U.S. relations with Mexico are strong and vital. The two countries share a 2,000-mile border with 55 active ports of entry, and bilateral relations between the two have a direct impact on the lives and livelihoods of millions of Americans, whether the issue is trade and economic reform, education exchange, citizen security, drug control, migration, entrepreneurship and innovation, or energy cooperation. The scope of U.S.-Mexican relations is broad and goes beyond diplomatic and official relations. It encompasses extensive commercial, cultural, and educational ties, with some 1.7 billion dollars of two-way trade and hundreds of thousands of legal border crossings each day. In addition, 1.5 million U.S. citizens live in Mexico, and Mexico is the top foreign destination for U.S. travelers.
Bilateral Economic Relations
Mexico is the United States’ second-largest export market (after Canada) and third-largest trading partner (after Canada and China). In 2018, two-way trade in goods and services totaled $678 billion. Mexico’s exports rely heavily on supplying the U.S. market, but the country has also sought to diversify its export destinations. About 80 percent of Mexico’s exports in 2018 went to the United States. In 2018, Mexico was the third-largest supplier of foreign crude oil to the United States, as well as the largest export market for U.S. refined petroleum products and U.S. natural gas.
The border region represents a combined population of approximately 15 million people. Cooperation between the United States and Mexico along our border includes coordinating with state and local officials on cross-border infrastructure, transportation planning, and security, as well as collaboration with institutions that address migration, natural resource, environment, and health issues.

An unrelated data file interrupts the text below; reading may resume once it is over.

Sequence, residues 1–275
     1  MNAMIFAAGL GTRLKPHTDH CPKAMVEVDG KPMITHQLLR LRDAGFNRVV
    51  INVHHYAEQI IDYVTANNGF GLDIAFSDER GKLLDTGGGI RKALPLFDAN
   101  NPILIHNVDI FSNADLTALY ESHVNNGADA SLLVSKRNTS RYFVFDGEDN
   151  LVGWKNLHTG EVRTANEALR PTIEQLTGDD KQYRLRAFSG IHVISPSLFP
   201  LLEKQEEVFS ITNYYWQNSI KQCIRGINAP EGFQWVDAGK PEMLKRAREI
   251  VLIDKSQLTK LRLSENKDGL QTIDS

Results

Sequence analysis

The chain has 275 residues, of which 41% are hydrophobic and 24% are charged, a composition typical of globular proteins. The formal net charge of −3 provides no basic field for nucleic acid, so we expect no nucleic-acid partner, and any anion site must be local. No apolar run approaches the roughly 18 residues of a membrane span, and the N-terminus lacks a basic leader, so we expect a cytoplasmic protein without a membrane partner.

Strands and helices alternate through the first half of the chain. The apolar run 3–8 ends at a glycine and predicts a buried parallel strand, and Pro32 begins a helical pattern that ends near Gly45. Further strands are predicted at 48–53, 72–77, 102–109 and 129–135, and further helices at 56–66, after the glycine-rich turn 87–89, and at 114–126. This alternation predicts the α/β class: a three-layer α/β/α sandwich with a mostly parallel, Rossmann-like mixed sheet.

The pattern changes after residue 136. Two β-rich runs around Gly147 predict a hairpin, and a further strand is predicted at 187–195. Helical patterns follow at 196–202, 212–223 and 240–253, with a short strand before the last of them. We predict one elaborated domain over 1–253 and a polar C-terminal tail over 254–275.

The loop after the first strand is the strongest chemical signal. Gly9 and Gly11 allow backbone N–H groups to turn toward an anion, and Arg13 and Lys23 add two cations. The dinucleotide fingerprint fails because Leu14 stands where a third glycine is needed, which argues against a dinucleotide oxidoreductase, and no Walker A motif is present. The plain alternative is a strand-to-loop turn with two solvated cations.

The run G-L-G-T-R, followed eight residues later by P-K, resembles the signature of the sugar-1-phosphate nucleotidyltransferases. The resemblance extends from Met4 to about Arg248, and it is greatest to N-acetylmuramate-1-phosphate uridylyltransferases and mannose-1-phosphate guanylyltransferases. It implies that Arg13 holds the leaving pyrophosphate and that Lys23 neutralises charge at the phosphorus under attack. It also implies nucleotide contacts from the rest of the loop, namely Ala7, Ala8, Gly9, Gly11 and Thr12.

Educational and Cultural Exchanges
The United States has a robust series of exchange programs with Mexico. These programs work with young leaders, students, civil society, and entrepreneurs. They assist in English language learning, and advance STEM education, especially for girls. They include music and sports diplomacy, the Ambassador’s Fund for Cultural Preservation, leadership programs like Jóvenes en Acción (Youth in Action), the Young Leaders of the Americas Initiative (YLAI), the Study of the U.S. Institutes (SUSI), which target indigenous and Afro-Mexican populations, and English language programs such as the Access program, and English Language Fellows.
U.S. Security Cooperation with Mexico
Through the Merida Initiative, the United States and Mexico have forged a partnership to combat transnational organized crime and drug trafficking, while strengthening human rights and the rule of law. Merida fosters greater cooperation between U.S. and Mexican law enforcement agencies, prosecutors, and judges as they share best practices and expand capacity to track criminals, drugs, arms, and money to disrupt the business model of transnational crime.